A PAYE Settlement Agreement (PSA) enables an employer to meet the tax on certain benefits and expenses on the employee’s behalf. This can be useful to preserve the goodwill nature of a benefit.
Not all benefits are suitable for inclusion within a PSA. To qualify a benefit must fall into one of the following categories:
- the benefit is minor;
- the benefit is provided irregularly; or
- the benefit is provided in circumstances where it is impractical to apply PAYE or to apportion the value of a shared benefit.
A PSA can be used, for example, to meet the tax liability on the provision of an annual party that falls outside the associated tax exemption. Benefits that are exempt from tax do not need to be included.
The tax and National Insurance payable on items included within a PSA for 2020/21 must be paid by 22 October 2021 where payment is made electronically, and by 19 October 2021 otherwise.
An enduring agreement
Once as PSA has been set up, it remains in place until cancelled or amended by the employer or by HMRC. Existing PSAs should be reviewed each year to ensure that they remain valid.
Amending the PSA
If a PSA needs to be altered, this must be done by 6 July following the end of the tax year to which it relates.
The Covid-19 pandemic changed the way in which employees worked and may have changed the mix of benefits that were provided. Where a PSA needs to be amended in light to take account of Coronavirus-related benefits provided in the 2020/21 tax year, this must be done by 6 July 2021.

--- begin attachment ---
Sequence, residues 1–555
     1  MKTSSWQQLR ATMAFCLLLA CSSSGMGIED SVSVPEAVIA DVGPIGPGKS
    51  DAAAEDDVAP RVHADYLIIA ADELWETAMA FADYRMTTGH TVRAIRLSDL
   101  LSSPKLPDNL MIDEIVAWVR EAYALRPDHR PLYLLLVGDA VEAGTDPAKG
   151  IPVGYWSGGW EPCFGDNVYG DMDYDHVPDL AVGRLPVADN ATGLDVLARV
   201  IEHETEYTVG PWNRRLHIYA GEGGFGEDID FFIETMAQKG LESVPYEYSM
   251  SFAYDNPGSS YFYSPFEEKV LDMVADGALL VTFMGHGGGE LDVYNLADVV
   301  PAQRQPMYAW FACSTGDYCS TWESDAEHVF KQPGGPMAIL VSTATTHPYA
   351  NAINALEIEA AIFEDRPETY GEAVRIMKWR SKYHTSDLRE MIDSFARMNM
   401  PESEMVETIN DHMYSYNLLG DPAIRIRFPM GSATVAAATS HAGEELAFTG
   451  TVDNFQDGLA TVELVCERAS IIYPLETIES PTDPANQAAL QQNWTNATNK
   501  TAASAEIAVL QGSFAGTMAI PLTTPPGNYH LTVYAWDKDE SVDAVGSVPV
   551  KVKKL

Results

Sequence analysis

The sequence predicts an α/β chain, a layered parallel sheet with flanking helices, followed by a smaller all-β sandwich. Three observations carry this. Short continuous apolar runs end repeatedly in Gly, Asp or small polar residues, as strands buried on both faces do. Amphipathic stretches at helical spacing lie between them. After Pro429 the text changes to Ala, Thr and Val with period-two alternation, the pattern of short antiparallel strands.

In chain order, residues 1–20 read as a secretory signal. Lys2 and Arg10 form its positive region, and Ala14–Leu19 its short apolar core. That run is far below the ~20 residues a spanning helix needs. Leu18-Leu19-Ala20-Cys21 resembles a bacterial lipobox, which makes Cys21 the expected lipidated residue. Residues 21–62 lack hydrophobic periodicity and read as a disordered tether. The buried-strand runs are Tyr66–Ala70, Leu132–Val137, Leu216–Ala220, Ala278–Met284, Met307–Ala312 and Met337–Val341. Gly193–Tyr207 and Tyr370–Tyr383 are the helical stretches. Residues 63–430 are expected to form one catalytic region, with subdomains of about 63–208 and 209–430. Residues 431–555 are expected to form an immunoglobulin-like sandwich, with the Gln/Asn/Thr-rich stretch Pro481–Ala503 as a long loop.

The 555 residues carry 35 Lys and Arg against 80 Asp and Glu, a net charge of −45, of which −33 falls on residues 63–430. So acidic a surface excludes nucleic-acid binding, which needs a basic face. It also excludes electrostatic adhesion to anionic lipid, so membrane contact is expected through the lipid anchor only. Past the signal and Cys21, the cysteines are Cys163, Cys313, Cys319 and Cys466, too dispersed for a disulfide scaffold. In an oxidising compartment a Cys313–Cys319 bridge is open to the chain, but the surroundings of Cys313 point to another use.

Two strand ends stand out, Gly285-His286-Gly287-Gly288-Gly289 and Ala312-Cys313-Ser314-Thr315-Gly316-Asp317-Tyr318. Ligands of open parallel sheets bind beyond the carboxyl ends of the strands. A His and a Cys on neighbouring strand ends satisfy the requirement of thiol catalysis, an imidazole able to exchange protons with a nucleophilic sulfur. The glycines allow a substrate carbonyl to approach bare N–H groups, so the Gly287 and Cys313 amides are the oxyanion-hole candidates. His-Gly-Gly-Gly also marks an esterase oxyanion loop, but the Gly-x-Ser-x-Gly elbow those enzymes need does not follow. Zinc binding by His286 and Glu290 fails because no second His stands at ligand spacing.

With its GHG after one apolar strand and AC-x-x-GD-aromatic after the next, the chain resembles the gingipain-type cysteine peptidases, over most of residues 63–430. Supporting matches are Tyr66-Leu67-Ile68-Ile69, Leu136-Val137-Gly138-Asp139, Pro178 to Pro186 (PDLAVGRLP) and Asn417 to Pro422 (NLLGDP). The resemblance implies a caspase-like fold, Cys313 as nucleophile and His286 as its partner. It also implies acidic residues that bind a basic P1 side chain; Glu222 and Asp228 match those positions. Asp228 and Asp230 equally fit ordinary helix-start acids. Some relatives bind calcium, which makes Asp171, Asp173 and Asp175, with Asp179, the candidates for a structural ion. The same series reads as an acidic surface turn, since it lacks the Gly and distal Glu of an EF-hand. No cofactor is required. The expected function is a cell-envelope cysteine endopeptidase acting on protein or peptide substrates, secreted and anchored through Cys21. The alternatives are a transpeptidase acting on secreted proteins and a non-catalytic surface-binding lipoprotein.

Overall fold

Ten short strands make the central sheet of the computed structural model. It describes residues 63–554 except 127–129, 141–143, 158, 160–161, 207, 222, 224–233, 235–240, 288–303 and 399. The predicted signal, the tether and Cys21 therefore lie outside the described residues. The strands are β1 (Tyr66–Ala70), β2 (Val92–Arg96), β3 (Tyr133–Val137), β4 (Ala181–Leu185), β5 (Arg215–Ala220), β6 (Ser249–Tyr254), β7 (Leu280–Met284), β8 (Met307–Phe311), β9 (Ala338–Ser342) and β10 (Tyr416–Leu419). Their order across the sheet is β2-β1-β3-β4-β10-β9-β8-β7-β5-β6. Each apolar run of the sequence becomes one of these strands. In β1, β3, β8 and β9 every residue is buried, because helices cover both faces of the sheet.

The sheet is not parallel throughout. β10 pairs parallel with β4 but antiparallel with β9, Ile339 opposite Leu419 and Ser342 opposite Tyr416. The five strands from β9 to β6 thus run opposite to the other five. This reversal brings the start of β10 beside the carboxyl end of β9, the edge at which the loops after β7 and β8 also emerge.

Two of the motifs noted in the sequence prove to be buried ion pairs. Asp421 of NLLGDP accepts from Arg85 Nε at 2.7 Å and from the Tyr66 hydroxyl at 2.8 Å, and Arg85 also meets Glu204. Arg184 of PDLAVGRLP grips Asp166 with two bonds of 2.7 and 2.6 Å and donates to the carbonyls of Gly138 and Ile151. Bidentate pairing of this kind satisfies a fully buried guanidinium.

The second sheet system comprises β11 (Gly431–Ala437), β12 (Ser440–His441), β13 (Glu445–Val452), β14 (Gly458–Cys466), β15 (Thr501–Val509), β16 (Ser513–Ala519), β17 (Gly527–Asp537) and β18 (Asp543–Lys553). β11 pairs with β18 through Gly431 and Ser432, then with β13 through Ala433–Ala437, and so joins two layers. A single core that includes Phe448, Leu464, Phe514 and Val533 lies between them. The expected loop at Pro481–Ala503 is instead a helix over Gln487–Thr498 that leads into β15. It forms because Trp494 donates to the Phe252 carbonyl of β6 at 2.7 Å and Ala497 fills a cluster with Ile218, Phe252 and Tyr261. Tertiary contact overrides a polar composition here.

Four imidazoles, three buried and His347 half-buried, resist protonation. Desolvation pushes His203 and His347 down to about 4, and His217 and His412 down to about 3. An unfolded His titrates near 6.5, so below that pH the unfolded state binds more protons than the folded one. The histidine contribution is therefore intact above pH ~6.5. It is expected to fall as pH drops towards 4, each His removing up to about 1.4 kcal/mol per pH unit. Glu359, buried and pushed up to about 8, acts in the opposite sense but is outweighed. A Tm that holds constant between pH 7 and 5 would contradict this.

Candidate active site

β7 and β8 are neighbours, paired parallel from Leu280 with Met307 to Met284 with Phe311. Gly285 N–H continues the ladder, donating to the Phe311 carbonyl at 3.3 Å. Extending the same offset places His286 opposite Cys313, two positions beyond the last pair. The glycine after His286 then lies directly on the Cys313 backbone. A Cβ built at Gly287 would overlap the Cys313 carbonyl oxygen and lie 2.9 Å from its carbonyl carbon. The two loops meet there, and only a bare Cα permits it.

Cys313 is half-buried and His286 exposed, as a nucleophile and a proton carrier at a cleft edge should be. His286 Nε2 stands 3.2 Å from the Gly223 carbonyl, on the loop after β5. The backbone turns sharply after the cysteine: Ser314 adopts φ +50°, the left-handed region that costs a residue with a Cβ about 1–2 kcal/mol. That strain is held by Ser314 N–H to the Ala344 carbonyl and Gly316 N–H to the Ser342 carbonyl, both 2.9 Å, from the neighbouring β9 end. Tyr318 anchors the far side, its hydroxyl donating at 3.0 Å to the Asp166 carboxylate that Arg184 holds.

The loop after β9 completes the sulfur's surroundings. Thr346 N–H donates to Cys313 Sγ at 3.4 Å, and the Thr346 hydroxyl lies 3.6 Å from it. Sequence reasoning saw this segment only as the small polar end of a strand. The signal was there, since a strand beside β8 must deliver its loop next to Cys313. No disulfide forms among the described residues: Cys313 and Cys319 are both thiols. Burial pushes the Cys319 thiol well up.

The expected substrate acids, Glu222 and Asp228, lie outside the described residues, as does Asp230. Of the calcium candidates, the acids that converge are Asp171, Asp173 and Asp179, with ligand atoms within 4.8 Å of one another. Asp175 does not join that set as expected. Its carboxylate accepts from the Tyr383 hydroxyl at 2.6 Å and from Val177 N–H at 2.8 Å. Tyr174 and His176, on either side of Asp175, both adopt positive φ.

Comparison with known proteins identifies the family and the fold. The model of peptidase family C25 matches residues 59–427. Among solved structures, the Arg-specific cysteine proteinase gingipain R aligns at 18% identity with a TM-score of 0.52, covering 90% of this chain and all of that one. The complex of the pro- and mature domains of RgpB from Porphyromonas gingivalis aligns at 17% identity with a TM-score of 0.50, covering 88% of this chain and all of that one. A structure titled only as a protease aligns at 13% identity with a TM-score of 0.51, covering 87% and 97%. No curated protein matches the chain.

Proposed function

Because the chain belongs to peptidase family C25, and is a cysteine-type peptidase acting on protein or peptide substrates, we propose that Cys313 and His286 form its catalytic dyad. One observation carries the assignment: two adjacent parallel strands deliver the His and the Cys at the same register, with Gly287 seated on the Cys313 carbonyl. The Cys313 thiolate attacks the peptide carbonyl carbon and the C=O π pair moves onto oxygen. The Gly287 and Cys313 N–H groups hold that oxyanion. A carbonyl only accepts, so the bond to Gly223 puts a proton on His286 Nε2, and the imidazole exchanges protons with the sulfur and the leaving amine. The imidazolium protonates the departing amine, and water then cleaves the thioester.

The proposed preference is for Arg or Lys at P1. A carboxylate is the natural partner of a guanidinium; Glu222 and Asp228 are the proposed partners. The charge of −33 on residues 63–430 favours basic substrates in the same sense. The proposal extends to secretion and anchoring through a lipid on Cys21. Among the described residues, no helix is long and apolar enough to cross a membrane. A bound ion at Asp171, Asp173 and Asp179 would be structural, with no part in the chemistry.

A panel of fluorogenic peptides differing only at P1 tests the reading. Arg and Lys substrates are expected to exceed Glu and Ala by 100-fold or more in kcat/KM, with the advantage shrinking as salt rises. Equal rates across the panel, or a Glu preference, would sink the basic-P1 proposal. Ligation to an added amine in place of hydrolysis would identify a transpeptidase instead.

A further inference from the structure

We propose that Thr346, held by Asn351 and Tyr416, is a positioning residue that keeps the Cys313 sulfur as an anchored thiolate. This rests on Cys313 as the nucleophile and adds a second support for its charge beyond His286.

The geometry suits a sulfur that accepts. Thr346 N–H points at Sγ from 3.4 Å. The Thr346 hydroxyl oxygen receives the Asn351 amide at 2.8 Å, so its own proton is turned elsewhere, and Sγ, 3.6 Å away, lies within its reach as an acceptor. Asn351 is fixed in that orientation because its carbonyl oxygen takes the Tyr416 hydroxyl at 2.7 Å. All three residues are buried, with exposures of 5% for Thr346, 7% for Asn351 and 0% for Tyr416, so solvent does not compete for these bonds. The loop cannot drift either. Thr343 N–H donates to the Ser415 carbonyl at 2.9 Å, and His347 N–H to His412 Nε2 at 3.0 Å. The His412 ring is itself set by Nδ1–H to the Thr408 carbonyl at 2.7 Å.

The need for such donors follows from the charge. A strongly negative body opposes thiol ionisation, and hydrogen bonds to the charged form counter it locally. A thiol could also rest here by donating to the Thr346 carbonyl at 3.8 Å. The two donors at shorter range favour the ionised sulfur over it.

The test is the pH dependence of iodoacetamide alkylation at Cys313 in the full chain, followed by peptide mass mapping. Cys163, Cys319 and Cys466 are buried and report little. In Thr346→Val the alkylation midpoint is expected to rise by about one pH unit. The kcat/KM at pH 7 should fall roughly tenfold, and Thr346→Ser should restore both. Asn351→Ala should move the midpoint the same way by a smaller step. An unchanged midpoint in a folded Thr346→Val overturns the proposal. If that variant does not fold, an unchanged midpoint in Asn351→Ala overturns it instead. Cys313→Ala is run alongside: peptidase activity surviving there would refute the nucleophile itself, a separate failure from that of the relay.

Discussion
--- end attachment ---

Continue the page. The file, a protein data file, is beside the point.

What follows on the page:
Normally, HMRC would issue a new P626 (the PSA) when a PSA is amended. However, where amendments to the PSA relate solely to Covid-19 changes, rather than issuing a new P626, they will instead issue an appendix to the existing PSA.
To remove the tax charge that would otherwise arise, a number of limited-time exemptions have been introduced in respect of Coronavirus-related benefits. These include an exemption for the provision of Coronavirus antigen tests, and also any reimbursement of the cost of the test where this is initially met by the employee.
Where employees have worked at home during the Covid-19 pandemic and have bought equipment to enable them to do so, any reimbursement by the employer is also tax-free, as long as the provision would fall within the exemption for accommodation, services and supplies if provided directly by the employer.
Coronavirus-related benefits that fall within the time-limited exemptions do not need to be included within a PSA. However, consideration may be given to adding any non-exempt benefits made available to employees during the pandemic to the PSA (for example, antibody tests), as long as they meet the qualifying conditions for inclusion.
A new PSA
If a PSA is not already in place, should an employer wish to set one up to deal with taxable benefits provided as a result of the Covid-19 pandemic, if the PSA is to have effect for 2020/21, it must be agreed with HMRC by 6 July 2021.
Sam Niranjan or Sam Niranjan & Co make no representations or warranties with respect to the accuracy or completeness of the contents of these posts and cannot accept any responsibility whatsoever for any liability, loss or risk, personal or otherwise, which may arise, directly or indirectly, from reliance on information contained in the blog posts. We are not Independent Financial Advisors, and our advice and comments should not be regarded as investment advice.